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One is the Most Lucrative Number

The real estate agent was advocating for my client to accept a $415,000 offer on his house.  The buyer had  2 ½ % to put down and would finance the rest.  My client asked if I thought he should follow the agent’s advice and accept this offer, in turn rejecting a cash offer for $405,000.

I didn’t hesitate, saying “Grab that cash!” However, as soon as my client tried to follow my advice, the agent called to get me to back down.  I refused to do so, saying my client was much better off accepting $10,000 less (which actually was $9,560 when you subtracted the extra $400 the agent was making and the extra $40 NYS would grab). A cash deal is mostly done by the time the contracts are signed, and that kind of semi-certainty is nothing to sneeze at.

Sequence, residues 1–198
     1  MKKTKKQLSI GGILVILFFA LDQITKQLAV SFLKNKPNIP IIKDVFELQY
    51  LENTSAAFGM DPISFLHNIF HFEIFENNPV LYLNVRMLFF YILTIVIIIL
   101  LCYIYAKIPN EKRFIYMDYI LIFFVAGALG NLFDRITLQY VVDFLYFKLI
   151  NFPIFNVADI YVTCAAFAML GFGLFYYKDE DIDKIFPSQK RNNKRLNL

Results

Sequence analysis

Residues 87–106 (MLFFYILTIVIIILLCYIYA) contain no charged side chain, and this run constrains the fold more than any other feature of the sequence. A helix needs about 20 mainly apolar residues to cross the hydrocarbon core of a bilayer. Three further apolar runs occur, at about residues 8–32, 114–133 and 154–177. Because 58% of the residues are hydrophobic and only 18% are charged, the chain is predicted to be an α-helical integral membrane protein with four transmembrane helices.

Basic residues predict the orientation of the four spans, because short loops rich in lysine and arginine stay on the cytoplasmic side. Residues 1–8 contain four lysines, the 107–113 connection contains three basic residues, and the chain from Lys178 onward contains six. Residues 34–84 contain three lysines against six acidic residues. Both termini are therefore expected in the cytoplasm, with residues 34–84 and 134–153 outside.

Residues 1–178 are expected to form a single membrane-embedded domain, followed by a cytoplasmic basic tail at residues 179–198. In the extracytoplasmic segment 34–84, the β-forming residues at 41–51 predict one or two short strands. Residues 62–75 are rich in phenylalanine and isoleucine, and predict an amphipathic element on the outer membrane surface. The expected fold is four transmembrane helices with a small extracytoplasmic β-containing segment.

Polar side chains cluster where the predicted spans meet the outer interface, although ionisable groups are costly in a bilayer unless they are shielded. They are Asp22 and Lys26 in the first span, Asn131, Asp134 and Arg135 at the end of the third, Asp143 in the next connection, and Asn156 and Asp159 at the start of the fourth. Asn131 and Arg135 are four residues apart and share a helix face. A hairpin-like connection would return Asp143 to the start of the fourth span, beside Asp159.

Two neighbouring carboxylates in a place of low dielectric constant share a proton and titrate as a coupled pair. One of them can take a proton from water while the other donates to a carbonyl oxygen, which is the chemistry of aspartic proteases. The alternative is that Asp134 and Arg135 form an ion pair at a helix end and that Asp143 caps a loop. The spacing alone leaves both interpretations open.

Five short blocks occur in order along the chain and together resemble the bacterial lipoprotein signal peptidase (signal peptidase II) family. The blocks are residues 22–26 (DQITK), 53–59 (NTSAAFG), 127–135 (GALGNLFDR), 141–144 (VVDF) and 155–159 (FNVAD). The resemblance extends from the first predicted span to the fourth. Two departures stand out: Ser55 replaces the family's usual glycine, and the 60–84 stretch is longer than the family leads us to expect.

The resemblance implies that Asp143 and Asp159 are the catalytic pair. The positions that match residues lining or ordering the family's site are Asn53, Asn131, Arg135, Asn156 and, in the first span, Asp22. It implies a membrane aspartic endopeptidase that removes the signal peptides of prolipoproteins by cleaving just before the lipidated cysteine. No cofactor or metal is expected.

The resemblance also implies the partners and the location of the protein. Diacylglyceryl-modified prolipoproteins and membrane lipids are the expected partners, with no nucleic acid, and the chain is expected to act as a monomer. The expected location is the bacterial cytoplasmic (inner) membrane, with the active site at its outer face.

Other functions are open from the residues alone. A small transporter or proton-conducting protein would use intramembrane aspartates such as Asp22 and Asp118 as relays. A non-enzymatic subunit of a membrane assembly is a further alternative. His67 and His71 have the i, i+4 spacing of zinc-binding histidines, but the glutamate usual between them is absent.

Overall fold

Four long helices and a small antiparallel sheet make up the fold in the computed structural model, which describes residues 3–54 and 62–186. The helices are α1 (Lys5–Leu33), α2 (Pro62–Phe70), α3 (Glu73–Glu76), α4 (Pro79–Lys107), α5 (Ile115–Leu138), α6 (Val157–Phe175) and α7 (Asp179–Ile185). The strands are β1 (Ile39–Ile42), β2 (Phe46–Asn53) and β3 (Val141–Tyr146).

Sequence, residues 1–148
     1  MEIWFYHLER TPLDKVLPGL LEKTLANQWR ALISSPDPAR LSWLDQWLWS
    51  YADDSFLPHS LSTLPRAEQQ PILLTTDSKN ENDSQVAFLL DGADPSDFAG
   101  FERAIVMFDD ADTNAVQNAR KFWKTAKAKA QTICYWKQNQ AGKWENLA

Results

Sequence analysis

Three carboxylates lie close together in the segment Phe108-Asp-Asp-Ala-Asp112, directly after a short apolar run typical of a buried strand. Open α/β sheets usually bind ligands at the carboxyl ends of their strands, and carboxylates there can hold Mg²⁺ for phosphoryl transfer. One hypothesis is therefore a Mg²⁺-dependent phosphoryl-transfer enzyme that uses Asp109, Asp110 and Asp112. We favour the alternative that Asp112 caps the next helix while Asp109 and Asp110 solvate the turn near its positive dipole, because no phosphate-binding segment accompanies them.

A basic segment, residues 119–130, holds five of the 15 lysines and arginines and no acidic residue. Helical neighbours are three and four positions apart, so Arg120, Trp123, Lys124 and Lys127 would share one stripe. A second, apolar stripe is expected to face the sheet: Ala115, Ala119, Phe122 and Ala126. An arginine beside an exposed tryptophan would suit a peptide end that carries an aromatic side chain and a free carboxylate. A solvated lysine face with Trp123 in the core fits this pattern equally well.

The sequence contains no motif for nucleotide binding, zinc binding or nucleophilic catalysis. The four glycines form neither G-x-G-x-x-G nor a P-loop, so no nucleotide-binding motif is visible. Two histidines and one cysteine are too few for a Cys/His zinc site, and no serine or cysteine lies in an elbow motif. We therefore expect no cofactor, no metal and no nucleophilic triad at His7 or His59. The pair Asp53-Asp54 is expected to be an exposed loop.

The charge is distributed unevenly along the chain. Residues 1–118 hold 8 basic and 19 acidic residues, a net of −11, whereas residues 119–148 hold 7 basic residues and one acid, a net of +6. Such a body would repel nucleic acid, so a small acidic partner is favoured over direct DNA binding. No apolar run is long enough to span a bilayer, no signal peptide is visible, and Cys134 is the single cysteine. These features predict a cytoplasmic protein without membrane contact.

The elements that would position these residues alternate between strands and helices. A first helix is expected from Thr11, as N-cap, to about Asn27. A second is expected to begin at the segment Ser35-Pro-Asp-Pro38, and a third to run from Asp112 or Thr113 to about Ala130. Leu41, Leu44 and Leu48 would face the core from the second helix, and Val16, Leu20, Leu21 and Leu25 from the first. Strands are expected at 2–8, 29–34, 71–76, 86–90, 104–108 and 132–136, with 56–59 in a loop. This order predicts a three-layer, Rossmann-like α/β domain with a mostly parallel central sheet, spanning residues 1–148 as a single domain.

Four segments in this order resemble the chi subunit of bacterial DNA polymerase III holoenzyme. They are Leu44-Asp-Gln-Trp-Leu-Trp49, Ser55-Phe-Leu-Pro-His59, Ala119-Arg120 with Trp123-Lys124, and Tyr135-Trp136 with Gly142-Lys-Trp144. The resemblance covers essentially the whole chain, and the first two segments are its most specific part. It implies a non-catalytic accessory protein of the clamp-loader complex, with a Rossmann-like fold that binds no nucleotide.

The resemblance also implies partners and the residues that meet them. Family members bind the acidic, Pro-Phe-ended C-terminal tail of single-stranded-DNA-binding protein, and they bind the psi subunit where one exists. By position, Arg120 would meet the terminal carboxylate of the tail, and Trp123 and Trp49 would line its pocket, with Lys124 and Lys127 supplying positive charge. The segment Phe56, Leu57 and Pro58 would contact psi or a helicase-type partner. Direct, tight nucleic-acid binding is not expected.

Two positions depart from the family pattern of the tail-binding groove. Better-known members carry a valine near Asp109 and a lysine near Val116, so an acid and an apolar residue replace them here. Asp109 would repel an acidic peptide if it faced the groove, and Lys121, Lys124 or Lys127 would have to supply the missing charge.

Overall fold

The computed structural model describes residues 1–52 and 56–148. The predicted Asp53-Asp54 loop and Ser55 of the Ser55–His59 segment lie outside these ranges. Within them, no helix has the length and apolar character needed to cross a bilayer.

“You’re being ridiculous,” screeched the agent. “That’s a lot of money to leave on the table.”

Of course, I second-guessed my usually good instincts. I called the seller to be sure we were on the same page, and we were. He said that since his RE agent was “so psycho” over $400 less in commission, he’d probably slip her that amount at closing, even though it galled him a bit.

I told him to hold on, because more than likely his agent wouldn’t make the whole $400. She’s have to share with her broker. And then it hit me! “Just out of curiosity,” I asked the seller, “did some other agent or agency bring the cash buyers?”

“Yes,” he said. “[His agent] sold the house by herself for $415,000. An agent from [big agency] brought the cash buyers. Ohhhhhhhhhhhhh….. I get it!”

In case the light bulb didn’t go off for you, Ms. Bigger-Offer stood to make twice the commission on the $415,000 sale, as there was no other agent and broker to split up the commission.  She was practically apoplectic over more than $4,000, not $400.



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December 2018


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